Next time you make a commit some written faux pas in social media, just know that you aren’t alone. Some of the best and brightest minds have done the same thing. Last week, a few individuals had the distinct and unique opportunity to actually correct an astronaut on something astronomical after International Space Station (ISS).
As Emily Lakdawalla, planetary scientist and senior editor of The Planetary Society, told Mashable in a direct message on Twitter, “Well, seeing as how stars and city lights at night are both visible in the field of view with the bright light source, it cannot possibly be the sun.” Oops.
The extraterrestrial body in question certainly could not be our very good source of light and heat, in spite of its impressively bright appearance. That odd lunar brightness, by the way, has since been attributed to the long exposure time of the photograph, which made the moon, well, sunnier than usual.
The mistake was quickly corrected and Kelly’s tweet deleted because you do not want that living on in eternity, but regrettably, the wiles of the Internet have already commemorated the rather amusing case of mistaken identity. After all, even the scientists at NASA mess up every once in awhile.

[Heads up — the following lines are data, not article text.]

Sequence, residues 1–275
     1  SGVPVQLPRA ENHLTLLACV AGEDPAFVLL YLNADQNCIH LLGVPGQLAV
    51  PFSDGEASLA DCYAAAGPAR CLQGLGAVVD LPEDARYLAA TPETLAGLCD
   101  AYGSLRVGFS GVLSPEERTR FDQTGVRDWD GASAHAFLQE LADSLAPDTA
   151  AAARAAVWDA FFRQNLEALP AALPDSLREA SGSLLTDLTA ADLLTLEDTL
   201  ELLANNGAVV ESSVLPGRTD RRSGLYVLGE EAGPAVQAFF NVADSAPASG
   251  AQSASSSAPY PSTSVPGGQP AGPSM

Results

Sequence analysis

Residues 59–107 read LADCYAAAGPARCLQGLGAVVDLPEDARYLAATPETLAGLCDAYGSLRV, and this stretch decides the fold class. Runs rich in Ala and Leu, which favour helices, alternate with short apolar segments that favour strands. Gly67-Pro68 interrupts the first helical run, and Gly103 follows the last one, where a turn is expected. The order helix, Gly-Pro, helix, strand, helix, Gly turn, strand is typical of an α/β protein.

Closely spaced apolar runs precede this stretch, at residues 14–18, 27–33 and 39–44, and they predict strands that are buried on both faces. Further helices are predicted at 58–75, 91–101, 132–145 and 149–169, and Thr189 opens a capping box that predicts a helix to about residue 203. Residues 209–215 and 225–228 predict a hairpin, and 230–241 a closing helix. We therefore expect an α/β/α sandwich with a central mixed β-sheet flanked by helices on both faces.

Other space enthusiasts were quick to chime in as well, with one user noting that “unless [NASA] invented a completely new kind of camera.Surprisingly enough, this actually isn’t the first time that NASA has been a bit careless in identifying bodies in space.
Just a few months ago, scientists made the exact same mistake, similarly calling the moon the sun in another tweet. If you can see stars, it isn’t the sun. In any case, the slight slip just goes to show that even rocket scientists are humans, which is good news for the rest of us.